Since the FFME Championnat de France épreuve de sprint race in Chamonix in January, I had not been able to arrange my schedule to photograph another ski mountaineering race all season. Finally, it seemed I would be able shoot the Patrouille des Glaciers, a race in the Swiss alps from Zermatt to Verbier via Arolla, held every 2 years. There are several courses (and some shorter versions from Zermatt to Arolla or Arolla to Verbier) and I wanted to photograph the long course with the national teams competing.
I left Chamonix by car at around 4am, but would still reach the La Chaux chairlift check-in station in plenty of time to catch my hard core skimo racing friends in team 2338, Lyndsay Meyer and Nina Silitch who hoped to be passing through with their teammate Sari Anderson just after the fastest men in the race.
The Patrouille des Glaciers is run in teams of 3 and much of the course has to be skied while roped together. The race is fully manned by the Swiss Army and places in this prestigious and historic race are hard to come by, so coveted by the ski mountaineer racing crowd. The start times for the teams are staggered. The earliest times for departure are given to teams expected to go slower, and later starting times are given to the fastest teams (such as Killian Jornet, the eventual winner this year).
This year’s US women’s team have competed in other skimo races previously and formed their team for the PDG with Sari flying out from Colorado especially for the race (Nina and Lyndsay are Alps-based Americans). They had a departure of midnight and hoped to get to the areas above Verbier by around 8am.
I checked their progress before I left Vallorcine to enter into Swiss phone territory using the PDG Android app that the organisers had been kind enough to invent for their race. They seemed to be moving along well, as did another team of women that I was following who included my friend and local awesome ski instructor and BASI Level 4 European Mountain Safety trainer Alison Culshaw, as part of a British women’s team doing her first PDG, having recently been bitten by the bug of ski mountaineer racing.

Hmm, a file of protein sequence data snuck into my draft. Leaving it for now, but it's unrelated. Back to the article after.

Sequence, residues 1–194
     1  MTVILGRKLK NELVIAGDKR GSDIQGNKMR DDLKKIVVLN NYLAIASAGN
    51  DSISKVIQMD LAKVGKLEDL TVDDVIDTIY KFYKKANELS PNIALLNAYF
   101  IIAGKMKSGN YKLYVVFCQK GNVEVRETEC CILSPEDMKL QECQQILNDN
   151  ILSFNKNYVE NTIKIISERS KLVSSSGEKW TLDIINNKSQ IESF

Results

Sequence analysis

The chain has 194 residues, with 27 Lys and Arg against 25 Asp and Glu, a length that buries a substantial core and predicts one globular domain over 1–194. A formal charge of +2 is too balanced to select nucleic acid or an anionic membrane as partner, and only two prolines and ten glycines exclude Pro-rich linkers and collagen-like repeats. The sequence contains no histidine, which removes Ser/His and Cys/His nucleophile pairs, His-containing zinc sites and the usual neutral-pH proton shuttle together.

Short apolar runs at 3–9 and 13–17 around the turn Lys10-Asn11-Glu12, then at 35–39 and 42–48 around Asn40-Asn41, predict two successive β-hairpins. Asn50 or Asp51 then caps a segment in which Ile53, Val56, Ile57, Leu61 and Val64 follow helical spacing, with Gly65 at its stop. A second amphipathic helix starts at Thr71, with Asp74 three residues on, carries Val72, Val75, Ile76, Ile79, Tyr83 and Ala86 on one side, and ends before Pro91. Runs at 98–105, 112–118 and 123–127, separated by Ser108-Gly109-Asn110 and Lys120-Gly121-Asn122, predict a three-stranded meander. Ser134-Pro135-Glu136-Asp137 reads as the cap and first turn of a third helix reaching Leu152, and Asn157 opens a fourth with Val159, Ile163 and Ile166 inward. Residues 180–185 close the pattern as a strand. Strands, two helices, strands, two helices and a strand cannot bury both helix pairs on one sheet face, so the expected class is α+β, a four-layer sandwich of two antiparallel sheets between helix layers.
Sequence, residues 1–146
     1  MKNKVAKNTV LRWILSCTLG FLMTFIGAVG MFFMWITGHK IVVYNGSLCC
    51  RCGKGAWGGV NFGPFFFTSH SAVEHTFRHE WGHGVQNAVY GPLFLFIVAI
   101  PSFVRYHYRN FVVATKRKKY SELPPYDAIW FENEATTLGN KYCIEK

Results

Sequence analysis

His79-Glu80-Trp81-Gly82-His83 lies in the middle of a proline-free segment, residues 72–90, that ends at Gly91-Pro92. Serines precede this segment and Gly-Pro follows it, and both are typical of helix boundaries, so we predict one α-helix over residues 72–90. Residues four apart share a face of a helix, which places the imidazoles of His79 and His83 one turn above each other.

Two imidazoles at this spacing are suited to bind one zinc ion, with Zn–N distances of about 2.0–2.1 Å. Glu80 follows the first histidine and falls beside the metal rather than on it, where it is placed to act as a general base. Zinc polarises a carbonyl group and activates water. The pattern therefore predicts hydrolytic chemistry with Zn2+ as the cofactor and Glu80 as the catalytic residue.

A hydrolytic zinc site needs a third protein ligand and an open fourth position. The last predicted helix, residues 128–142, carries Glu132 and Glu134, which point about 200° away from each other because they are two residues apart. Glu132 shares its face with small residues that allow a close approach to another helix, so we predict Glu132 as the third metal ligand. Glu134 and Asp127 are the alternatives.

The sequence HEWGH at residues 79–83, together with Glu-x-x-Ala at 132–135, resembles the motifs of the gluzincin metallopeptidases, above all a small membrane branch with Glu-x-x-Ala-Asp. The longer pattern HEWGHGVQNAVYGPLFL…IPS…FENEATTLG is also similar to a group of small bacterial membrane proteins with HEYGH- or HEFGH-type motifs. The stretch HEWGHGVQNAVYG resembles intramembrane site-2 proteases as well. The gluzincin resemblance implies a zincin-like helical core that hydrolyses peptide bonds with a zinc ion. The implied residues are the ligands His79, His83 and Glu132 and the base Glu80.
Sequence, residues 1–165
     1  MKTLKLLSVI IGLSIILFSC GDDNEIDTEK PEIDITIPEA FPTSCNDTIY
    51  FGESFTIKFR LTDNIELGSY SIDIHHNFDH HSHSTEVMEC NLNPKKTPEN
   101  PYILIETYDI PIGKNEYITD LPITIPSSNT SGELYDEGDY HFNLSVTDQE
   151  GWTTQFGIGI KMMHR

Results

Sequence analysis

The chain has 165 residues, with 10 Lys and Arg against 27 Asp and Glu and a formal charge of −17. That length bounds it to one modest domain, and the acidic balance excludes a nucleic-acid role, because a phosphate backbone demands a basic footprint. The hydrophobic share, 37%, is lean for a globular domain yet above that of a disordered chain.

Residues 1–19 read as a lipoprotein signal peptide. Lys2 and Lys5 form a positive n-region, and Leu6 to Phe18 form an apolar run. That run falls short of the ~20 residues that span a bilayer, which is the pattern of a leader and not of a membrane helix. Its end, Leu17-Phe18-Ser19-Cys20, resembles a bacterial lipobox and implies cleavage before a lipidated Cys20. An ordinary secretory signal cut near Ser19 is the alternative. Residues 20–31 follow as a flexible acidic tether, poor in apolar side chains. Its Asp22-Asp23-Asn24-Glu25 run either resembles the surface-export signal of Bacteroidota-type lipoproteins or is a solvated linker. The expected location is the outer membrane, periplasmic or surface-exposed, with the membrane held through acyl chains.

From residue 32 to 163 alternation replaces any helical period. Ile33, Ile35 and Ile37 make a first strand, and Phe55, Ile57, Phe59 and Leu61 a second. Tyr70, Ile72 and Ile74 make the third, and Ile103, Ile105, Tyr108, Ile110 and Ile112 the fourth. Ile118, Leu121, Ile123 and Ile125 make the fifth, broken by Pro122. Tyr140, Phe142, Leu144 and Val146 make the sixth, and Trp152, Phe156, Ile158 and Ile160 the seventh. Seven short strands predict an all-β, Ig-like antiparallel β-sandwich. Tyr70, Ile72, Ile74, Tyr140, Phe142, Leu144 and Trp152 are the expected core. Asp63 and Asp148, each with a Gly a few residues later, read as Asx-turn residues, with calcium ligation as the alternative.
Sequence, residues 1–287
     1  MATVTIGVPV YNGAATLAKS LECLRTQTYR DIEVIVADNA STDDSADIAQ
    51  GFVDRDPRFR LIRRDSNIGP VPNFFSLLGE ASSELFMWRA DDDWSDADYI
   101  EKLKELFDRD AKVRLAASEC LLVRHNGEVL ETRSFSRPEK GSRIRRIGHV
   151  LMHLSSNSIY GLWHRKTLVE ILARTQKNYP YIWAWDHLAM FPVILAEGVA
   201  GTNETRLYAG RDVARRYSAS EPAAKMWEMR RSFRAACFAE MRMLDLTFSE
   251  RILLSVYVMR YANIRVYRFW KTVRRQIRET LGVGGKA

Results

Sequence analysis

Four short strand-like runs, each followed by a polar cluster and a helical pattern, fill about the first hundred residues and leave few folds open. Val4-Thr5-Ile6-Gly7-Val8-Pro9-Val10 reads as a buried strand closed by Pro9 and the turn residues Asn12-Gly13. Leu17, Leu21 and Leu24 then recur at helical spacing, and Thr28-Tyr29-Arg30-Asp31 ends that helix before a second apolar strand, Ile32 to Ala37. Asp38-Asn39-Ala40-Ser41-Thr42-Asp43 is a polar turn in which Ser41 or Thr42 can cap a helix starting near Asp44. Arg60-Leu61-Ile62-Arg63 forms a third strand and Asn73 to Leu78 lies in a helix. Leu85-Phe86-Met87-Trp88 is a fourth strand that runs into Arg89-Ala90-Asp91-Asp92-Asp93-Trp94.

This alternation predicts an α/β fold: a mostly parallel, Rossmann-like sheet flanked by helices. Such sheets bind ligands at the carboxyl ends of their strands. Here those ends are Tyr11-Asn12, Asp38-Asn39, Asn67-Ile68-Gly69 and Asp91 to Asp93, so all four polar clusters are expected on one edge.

As I drove up the Swiss Val des Bagnes, there seemed to be an awful lot of traffic coming from the direction of Verbier … I hoped it was just traffic coming from the Grand St Bernard tunnel, but as I approached Le Chable below Verbier, the headlights kept coming in streams. The car park was still full when I pulled up, and loads of people were getting out of their cars and putting on their touring gear – so I did the same.
I went up to the cash desk to get a lift ticket but was told that the race had been cancelled due to an avalanche at Pas de Chat, a check point between Arolla and the Rosablanche at Verbier. They did not think anyone was hurt, but said the race was stopped. The decision to stop the race was the right one , but heartbreaking for the athletes who had trained so hard. We had two weeks of snow/rain in a rather cold April, followed by a sudden intense warming in the day before the race. The freezing point the night before the race was above 3000m. Also, very high winds were forecast – up to 90km/hr at the altitudes the racers would be going.